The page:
As code repositories become more complex, challenges become more apparent. The shift from polyrepos to monorepos help overcome & make these more manageable.
As code repositories have become more complex to reflect the nature of the intricate microservices architecture that they support—and teams have started using multiple repos to manage different projects—challenges have started to appear in their management.
For starters, it is not always possible to maintain coding best practices in code repos when multiple projects are structured differently. There are also bottlenecks in packaging and deploying codes from multiple repositories.
Organizations are starting to transition from polyrepos to monorepos as a way to bring complex structure back to a manageable level. Having multiple codebases for web and mobile applications alone can be quite complex. Is shifting from polyrepos to monorepos really the answer? How can such transition be done smoothly?
The simple reason behind keeping services, modules, and libraries in separate repositories is actually very easy to understand. You are dealing with different components, and many of them – while may be interchangeable or used by multiple frontend components – are developed by different teams. Keeping them in separate repositories keeps things tidy.
However, problems start to occur when you try to integrate components from multiple repositories as the development cycle comes to its conclusion. A change in UI element, for example, can have a significant effect in how the entire app functions, and keeping track of that specific change is not easy when there are multiple codebases to track.
Other issues are starting to become more common too. The overhead needed to maintain multiple repositories can be huge when the project is not managed for efficiency. A set of services may require the same modules and dependencies, and each repo needs to configure those dependencies separately for the development to work.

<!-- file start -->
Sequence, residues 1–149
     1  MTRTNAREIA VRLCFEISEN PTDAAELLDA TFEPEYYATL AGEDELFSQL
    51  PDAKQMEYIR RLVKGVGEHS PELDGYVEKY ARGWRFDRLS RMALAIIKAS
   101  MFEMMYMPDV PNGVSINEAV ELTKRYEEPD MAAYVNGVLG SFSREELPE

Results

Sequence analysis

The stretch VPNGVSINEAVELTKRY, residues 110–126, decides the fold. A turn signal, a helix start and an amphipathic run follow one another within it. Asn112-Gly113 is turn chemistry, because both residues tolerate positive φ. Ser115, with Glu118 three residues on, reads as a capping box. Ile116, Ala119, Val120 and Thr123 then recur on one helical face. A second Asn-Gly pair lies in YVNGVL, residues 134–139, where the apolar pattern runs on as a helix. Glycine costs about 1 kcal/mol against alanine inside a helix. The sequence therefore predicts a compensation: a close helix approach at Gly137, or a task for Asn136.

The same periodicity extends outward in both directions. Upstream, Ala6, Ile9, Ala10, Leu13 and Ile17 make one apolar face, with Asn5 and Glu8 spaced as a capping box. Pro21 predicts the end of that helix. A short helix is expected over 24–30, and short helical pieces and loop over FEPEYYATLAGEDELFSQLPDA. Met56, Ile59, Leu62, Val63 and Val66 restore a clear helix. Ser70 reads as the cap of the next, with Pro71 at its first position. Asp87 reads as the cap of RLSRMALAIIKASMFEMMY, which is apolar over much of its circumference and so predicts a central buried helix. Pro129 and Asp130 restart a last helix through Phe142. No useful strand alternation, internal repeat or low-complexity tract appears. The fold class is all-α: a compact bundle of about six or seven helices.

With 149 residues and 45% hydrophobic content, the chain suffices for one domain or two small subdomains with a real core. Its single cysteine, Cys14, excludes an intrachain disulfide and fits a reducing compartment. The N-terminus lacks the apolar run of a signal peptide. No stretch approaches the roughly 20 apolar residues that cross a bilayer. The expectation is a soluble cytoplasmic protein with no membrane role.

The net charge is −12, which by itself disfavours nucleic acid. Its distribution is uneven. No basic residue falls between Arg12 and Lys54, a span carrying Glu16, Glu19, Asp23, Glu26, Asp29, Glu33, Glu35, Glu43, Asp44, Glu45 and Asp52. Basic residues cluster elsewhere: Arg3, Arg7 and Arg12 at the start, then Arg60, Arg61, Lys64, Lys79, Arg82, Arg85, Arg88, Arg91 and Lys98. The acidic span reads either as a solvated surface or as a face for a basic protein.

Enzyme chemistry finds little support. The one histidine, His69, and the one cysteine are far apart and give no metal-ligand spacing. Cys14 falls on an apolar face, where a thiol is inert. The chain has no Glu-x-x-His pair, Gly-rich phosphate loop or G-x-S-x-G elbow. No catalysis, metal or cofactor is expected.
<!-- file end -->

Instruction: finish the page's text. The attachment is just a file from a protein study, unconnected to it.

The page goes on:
Slowdowns become quite common. Simple tasks such as fixing bugs require thorough assessment, and the process itself becomes incredibly slow at times. Even with microservices in multiple repos linked correctly, it is still not always possible to assess the effects of a major change to the rest of the app.
The biggest concern with polyrepos is the complexity involved in tracking revisions and package updates. You cannot pinpoint which particular revision solves a specific bug, which means rollbacks and annotations are unnecessary complex too. These small difficulties add up, and they result in polyrepos becoming unsuitable for some organizations.
To make matters worse, teams with their own repositories don’t always use standardized tools and frameworks. Each team could have their own preferred tools, and they often introduce unnecessary differences in cofigurations; when I say differences, I mean variations that still require adjustments by the time you have to integrate microservices and push updates.
Centralizing the entire development project using a single repository, the monorepo approach, makes sense when the complexities mentioned earlier starts to affect your development cycle. You cannot just combine everything and be done with it though. Some adjustments are still needed before the monorepo can be effective for the whole team.
Simplifying component sharing is another thing that needs to be done when transitioning to a monorepo. Fortunately, you have tools like Bit helping you with the process. Bit in particular automates this step by immediately isolating components and their dependencies. When changes are made to one component, Bit makes sure that its dependents are updated too.
The three tools can be used in tandem. Bit + Lerna + Yarn Workspaces are notoriously reliable. Lerna can manage larger packages, while Bit takes care of the small components. Overhead is kept at a minimum when components and resources are shared between multiple packages. Yarn Workspaces, on the other hand, optimizes workflows and ties everything together.
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Is shifting from polyrepos to monorepos really the answer? How can such transition be done smoothly?
In the last few years, technology has grown very much and reached some unprecedented levels. Similarly, the same can also be said for software development, it forms a significant part of the technology department.